7. 'You put your left hand in, you take your left hand out....'

8. 'Hey! Now I know how a Muppet feels!'

9. 'If your hand doesn't fit, you must quit!

10. 'Hey Doc, let me know if you find my dignity.'

11. 'You used to be an executive at Enron, didn't you?'

12. "Now I know why I am not gay.'

And the best one of all.

13. 'Could you write a note for my wife saying that my head is not up there?'

The Mid Life Opportunity ( is a community for people in Midlife. Advice and Guidance is available from The Mid Life Coaching Panel. It’s free to join - click here

Saturday, August 14, 2010

Understanding your own Strengths and Weaknesses

We all have our own strengths. Conversely, we also have our own weaknesses. Understanding your strengths and weaknesses is one of the keys to being successful in your life – both your career and your personal life. This is particularly important for people in midlife who are re-evaluating themselves and where they are going to go in the second part of their lives.

Similarly, there are opportunities to be seized and threats to be avoided, if at all possible. The analysis of all of this is known as a SWOT analysis, a Strengths, Weaknesses, Opportunities and Threats analysis. (In fact, most people refer to it as a Strengths, Weaknesses, Threats and Opportunities analysis – this ends on a positive (Opportunities) rather than a negative (Threats). SWTO doesn’t roll off the tongue quite as well, though!)

To carry out the analysis, draw lines to divide a piece of paper into 4 quarters and write Strengths as the heading for the first quarter, Threats as the heading for the second quarter, and so on. You now have 4 sections on the page.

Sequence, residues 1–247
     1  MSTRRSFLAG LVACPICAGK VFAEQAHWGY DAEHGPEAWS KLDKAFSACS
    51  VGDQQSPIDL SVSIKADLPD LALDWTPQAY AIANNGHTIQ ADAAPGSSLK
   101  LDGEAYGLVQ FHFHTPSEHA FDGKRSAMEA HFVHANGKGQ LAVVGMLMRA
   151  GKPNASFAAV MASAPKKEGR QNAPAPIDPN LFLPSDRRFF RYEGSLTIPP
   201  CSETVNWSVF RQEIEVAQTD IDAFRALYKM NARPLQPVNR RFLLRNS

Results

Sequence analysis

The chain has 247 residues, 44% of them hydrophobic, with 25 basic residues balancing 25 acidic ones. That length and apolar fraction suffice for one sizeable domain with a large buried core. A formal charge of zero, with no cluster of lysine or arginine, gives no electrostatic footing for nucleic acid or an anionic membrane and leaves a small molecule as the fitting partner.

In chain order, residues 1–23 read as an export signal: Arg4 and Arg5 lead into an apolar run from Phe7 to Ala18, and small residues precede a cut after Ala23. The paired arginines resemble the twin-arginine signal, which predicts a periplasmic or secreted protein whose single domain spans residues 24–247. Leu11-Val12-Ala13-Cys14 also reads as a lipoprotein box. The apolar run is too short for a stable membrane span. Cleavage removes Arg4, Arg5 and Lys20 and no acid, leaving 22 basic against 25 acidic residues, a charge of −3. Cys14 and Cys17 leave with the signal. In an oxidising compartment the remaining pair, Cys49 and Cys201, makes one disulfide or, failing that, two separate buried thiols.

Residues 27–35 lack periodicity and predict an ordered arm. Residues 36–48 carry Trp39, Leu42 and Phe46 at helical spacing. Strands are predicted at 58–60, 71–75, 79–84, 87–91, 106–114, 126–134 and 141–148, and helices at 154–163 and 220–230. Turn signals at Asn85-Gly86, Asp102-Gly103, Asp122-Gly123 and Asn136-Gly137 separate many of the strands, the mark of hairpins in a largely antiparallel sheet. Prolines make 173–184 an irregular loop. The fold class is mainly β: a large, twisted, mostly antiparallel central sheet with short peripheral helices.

Firstly, think about your strengths. Ask yourself questions like:
·         What do I do better than most people?
·         What do I know that others don’t?
·         What am I good at?
·         What resources can I access?
·         Who is in my network that can assist me?
·         What are my values?
·         What experiences can I draw on?
·         What would my friends say?
·         Etc

Answering these and similar questions will help you to assess your own personal strengths. Write down your answers in the Strengths section of your page.

Now for your weaknesses. It is usual for people to come up with more weaknesses than strengths, so don’t worry if you have a longer list in this section of your page. Questions to ask yourself include?
·         What do I avoid doing?
·         What do others do better than me?
·         What was the reason for mistakes that I made in the past?
·         What scares me?
·         What skills do I need to improve?
·         Which personality traits are my weak points?
·         What would my friends say?
·         Etc

You now have your Strengths and your Weaknesses written down. These are both ‘internal’ to you – you can affect them yourself.